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The land of the flat tax

Steven Pearlstein is traveling around "New Europe," and has some interesting observations. For one, Slovakia has created a tax code with low marginal tax rates - a flat 19% tax - and avoids heavy taxation of dividend and capital income. Economists Robert Hall and Robert Lucas can finally claim a victory for their advocacy of the flat tax, and low taxes on capital income, respectively.

Pearlstein's story suggests that this policy has quickened the transformation of state enterprises into functioning private firms.

It's easy to see why Steve Forbes calls this an "investor's paradise." The new business-friendly government has pushed through a flat 19 percent tax that applies to corporate and personal income and sales, with dividends and capital gains largely excluded. ...

Here in Bratislava, much of the restructuring is driven by corporate raiders such as the Penta Group, which has imported sophisticated Wall Street tactics to an economy rife with inefficiency and ripe with arbitrage opportunities.

While there is considerable debate about whether these "sharks" get inside help from friendly politicians, there's no doubting their ingenuity in taking control of public companies, or the ruthlessness with which they fire managers, spin off subsidiaries, lay off workers and sell what remains.

At Penta's sleek new offices, a staff of 160 controls companies with a combined payroll of 10,000. They have outfoxed U.S. Steel, partnered with Credit Suisse First Boston, mapped strategy with the Boston Consulting Group, and followed every deal done by Kohlberg Kravis Roberts and the Carlyle Group. According to one of the five founders, Jozef Oravkin, Penta has turned a $20,000 stake into a company worth $350 million.

"We are hated by many in this city, even though we are cleaning things up," Oravkin said.

Nevertheless, there seems little instinct to slow the pace of reform.

Although they may not understand or even trust global markets, 50 years of experience tells them they like government management even less. It is that embrace of frontier capitalism that makes Schroeder and the German business establishment so nervous.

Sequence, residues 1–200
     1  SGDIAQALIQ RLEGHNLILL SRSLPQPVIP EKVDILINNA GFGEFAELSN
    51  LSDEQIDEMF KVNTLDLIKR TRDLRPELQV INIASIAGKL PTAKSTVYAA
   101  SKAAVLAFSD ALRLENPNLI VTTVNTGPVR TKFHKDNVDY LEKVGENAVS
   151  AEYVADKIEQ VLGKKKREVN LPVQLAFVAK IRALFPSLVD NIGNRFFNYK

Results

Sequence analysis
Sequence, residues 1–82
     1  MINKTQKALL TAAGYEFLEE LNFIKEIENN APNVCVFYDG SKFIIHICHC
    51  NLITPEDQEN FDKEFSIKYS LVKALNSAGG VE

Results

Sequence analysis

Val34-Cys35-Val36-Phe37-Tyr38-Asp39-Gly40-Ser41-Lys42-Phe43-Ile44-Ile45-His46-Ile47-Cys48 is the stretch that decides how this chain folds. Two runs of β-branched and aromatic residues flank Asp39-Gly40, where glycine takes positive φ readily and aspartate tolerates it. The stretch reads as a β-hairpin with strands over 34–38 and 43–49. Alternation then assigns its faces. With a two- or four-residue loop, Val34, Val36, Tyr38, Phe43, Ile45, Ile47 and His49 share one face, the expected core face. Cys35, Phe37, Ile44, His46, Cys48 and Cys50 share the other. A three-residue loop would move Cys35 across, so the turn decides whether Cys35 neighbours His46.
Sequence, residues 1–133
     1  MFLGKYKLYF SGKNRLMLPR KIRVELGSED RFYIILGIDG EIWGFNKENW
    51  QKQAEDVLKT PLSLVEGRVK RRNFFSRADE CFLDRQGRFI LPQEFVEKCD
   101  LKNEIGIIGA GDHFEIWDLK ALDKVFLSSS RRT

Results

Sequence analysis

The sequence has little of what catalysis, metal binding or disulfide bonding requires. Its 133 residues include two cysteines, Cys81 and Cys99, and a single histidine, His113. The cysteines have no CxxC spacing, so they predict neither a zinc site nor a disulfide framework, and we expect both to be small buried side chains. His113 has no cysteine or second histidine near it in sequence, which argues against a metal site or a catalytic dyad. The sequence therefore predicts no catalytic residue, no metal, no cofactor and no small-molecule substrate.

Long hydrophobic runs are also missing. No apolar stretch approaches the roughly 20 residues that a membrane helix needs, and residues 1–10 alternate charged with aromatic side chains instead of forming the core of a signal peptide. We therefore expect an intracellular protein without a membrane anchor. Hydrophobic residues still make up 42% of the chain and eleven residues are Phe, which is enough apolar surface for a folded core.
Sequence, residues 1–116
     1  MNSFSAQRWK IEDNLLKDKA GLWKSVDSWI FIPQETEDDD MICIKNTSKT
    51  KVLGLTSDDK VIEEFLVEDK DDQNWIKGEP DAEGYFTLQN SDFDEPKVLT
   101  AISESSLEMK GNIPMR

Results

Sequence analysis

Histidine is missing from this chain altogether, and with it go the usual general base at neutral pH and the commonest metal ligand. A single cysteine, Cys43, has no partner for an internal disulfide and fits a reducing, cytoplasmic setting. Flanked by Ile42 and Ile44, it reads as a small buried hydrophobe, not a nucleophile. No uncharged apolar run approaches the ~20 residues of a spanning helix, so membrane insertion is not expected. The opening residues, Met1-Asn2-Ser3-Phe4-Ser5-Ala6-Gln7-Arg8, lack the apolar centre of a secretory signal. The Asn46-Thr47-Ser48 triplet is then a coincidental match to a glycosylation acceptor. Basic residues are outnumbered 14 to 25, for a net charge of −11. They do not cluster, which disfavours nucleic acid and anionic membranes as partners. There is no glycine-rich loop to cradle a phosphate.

In an earlier dispatch from Wroclaw, Poland, Pearlstein compares New Europe with the old:

A curtain has descended across Europe. On one side are hope, optimism, freedom and prospects for a better life. On the other side, fear, pessimism, suffocating government regulations and a sense that the best times are in the past.

This is not the same "iron curtain" famously described by Winston Churchill at the outset of the struggle against communism. But it is a psychological barrier demarking the part of Europe that is embracing global capitalism, and the one that wishes desperately that it would go away. This time, however, it is the East that is likely to prevail. The energy and sense of possibility are almost palpable here in this thousand-year-old city once attacked by the Tartars and Napoleon, and ruled at various times by the Germans, Austrians, Czechs and Hungarians. Although unemployment remains in double digits and household incomes in Poland remain far below those to the west, Wroclaw has the feel today of a hip and charming European city.

Money and companies are pouring in -- not just the prestige nameplates like Bombardier, Siemens, Whirlpool, Toyota and Volvo, but also the network of suppliers that inevitably follows them. At first, most of the new jobs were of the semi-skilled variety. Now they have been followed by design and engineering work that aims to tap into the largest concentration of university students in Eastern Europe.

The competition between these neighboring states will be interesting to follow in the next decade or so. Will this competition move Old Europe's policies towards more protection or more liberalization? For their sake, let's hope it's the latter.